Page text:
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Dáil Éireann debate -
Wednesday, 20 May 2009

Vol. 683 No. 1

Priority Questions.

Job Protection.

Michael Creed


42 Deputy Michael Creed asked the Minister for Agriculture, Fisheries and Food the way he proposes to protect and increase jobs in the food industry in view of the threats posed to employment in the sector by the major multiples, some of whom are increasing their dependance on UK suppliers; and if he will make a statement on the matter. [20643/09]

The agrifood sector is Ireland's most important indigenous sector, providing hundreds of thousands of jobs throughout every county at producer and processor level. The sector was never more important to the Irish economy than it is now. We are justifiably proud of our reputation as "Ireland the Food Island" and, notwithstanding current economic difficulties, the Government is continuing to invest hundreds of millions of euro at farm and processor levels.

As a food producing country, it is essential that we have a robust food industry that provides an outlet for our producers and adds value to the primary product. Irish food, drink and horticulture exports last year were worth in excess of €8 billion. I share Bord Bia's view that the industry has the potential to boost annual export returns by more than 20%, thus reaching €10 billion by 2011.

The sector generates output of €20 billion annually. It has been and continues to be supported at primary, processing, research and marketing levels through a range of measures undertaken in line with the strategy set out in the agri-vision 2015 report. The food industry is vital to our economic future, in particular at this time in terms of employment, value-added and export earnings. While it is undoubtedly facing challenges it has in the past demonstrated its resilience and capacity to adapt to competitive challenges and to build business in emerging and changing markets.

Building on the natural advantages of food production in Ireland and applying the highest standards of food safety, the sector has been transformed into a sophisticated industry well capable of competing on worldwide markets. In more recent times, mainly because of the depreciation of sterling and general contraction of demand, the competitive pressures on the sector have become more acute. The Government is conscious of the factors impacting on the industry and is actively engaged in identifying ways in which we can continue to assist the sector's development and growth.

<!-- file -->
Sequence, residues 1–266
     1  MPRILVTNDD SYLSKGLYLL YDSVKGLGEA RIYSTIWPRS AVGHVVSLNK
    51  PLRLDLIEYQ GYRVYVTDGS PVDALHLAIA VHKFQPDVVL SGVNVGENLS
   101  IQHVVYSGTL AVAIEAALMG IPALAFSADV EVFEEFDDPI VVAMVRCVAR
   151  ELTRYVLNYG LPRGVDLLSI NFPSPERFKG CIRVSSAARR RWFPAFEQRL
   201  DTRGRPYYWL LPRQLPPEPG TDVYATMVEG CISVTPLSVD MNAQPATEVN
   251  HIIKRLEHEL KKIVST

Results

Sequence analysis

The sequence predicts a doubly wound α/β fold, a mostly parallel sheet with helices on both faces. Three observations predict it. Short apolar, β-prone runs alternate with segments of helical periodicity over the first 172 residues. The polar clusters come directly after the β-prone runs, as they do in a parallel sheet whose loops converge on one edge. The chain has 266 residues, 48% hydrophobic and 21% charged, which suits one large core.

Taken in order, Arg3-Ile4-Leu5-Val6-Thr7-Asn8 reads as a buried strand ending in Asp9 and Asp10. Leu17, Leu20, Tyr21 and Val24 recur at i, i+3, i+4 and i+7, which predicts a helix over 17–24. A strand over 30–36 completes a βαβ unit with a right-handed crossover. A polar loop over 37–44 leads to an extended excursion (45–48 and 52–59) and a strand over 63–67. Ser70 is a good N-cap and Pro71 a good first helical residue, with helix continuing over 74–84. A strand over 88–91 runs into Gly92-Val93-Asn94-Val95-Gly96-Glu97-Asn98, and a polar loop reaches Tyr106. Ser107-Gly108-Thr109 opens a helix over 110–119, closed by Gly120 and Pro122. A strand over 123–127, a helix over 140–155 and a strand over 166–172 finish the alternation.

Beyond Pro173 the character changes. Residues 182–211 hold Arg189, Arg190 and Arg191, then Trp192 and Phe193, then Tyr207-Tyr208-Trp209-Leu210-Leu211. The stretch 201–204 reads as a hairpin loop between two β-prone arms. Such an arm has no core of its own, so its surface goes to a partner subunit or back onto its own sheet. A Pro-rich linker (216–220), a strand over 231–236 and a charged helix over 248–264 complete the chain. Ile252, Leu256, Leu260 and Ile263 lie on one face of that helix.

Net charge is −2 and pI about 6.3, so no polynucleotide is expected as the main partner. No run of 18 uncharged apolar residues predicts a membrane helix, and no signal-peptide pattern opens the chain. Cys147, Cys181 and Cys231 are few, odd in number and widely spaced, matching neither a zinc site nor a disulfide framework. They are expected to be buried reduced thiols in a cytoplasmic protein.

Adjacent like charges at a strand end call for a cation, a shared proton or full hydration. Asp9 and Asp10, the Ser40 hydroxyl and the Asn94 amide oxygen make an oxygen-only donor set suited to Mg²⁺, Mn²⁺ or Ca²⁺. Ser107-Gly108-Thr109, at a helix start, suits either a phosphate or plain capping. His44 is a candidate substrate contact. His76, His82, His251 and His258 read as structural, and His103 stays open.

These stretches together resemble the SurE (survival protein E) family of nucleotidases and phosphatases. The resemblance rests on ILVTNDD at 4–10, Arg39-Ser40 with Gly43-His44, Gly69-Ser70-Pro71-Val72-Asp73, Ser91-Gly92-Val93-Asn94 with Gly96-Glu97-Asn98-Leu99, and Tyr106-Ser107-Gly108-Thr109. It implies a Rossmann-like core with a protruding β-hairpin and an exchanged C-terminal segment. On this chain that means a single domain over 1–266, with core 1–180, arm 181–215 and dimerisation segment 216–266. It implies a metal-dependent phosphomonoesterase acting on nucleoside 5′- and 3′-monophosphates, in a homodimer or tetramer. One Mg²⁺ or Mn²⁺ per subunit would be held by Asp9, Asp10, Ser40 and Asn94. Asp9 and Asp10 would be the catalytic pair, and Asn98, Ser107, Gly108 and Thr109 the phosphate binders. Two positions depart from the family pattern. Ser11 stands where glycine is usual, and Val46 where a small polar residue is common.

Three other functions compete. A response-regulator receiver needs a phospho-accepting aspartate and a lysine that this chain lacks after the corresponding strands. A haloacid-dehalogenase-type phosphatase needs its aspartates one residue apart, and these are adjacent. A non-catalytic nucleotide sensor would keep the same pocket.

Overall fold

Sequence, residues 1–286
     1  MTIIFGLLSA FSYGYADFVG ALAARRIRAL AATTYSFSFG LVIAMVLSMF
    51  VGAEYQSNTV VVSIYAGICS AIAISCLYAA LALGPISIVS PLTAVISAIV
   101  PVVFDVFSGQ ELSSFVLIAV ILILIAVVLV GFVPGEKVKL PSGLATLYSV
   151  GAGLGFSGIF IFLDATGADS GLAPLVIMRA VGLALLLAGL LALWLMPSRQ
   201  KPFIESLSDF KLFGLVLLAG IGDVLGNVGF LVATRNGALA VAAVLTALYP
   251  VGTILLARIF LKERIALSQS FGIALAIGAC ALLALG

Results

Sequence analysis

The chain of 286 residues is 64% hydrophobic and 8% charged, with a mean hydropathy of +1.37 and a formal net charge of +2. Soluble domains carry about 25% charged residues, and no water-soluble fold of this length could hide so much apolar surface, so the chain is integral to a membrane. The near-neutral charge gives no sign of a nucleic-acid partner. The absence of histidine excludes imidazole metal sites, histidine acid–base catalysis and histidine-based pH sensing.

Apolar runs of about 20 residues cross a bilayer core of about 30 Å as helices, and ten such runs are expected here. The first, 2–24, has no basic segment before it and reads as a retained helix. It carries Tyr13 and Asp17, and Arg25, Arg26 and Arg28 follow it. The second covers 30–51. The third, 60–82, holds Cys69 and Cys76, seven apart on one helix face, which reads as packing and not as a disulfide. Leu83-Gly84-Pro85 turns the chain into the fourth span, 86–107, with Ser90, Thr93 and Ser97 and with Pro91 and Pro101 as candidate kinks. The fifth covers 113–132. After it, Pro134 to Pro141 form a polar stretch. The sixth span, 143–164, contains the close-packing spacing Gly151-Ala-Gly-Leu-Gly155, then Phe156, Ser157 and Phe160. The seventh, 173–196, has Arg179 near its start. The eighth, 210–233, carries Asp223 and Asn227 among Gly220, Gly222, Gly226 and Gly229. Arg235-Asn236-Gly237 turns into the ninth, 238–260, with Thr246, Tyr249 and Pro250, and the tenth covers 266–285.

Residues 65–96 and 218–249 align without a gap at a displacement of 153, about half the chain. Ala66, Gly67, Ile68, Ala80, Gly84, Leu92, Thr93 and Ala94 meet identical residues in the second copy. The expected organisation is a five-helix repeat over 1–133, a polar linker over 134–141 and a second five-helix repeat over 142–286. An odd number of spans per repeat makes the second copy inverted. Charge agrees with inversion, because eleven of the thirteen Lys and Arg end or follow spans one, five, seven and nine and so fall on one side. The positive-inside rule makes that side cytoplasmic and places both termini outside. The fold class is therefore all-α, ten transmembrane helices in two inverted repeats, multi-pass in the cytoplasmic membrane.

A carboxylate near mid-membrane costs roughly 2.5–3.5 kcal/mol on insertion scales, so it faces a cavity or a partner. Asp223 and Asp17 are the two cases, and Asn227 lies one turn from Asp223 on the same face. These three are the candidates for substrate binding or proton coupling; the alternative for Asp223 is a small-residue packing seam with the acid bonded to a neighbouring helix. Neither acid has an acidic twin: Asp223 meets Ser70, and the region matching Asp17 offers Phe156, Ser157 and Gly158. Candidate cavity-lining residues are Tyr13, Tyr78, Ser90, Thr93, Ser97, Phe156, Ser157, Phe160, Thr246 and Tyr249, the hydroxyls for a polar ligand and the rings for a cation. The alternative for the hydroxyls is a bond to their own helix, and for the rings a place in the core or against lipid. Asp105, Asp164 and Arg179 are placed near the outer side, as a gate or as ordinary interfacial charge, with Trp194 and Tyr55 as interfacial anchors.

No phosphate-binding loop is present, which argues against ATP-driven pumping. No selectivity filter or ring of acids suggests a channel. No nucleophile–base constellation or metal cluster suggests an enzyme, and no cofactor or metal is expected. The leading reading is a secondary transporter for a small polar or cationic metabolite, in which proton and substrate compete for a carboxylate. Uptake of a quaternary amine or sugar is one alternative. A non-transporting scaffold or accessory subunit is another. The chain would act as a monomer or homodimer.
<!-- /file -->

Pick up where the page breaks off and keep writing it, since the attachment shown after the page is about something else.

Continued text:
While it is essential that we continue to identify and build new export markets for our food and beverages, it is equally important that we have a strong domestic market for Irish food and drink. A strong domestic presence is an essential factor in developing export markets. In this regard, we need an Irish retail sector that maintains a strong commitment to sourcing and providing a comprehensive range of familiar Irish products and brands. Ultimately, of course, it is a matter for consumers if they wish to support quality Irish food products, indigenous Irish suppliers and Irish jobs.

I strongly agree with the Tánaiste that retailers must strike a reasonable balance between granting price reductions to consumers, a practice with which none of us would disagree, and giving to suppliers and producers a fair return, which is essential to the maintenance of thousands of Irish jobs and the survival of primary producers.

Additional information not given on the floor of the House.

While the relationship between the food industry and the retail trade is essentially a matter for those parties, there are specific provisions in competition law that extend to business relationships, including relationships between suppliers and retailers. These provisions prohibit various anti-competitive practices, including price-fixing, abusing a dominant position, requesting "hello" money and imposing resale price maintenance. In that specific regard, the House will be aware that the Tánaiste has requested the Competition Authority to conduct a study of the retail import-distribution sector in regard to how competition is working in the sector and whether there are any practices or methods of competition that are affecting the supply of goods or services. The Tánaiste recently received the authority's report and is currently examining its conclusions and intends to publish it shortly.

The Government appreciates fully the value of the food sector to the Irish economy, not least in terms of the employment provided and is committed to its ongoing support in terms of investment and innovation. The record of investment proves this beyond doubt. We will continue to work with the industry to address the ongoing competitive pressures and to ensure that it continues to produce high-quality food product that is more than capable of competing with any comparable product at home or abroad. At the same time, the retail sector has a key role to play in supporting Irish jobs through its sourcing and provision of quality Irish products and brands.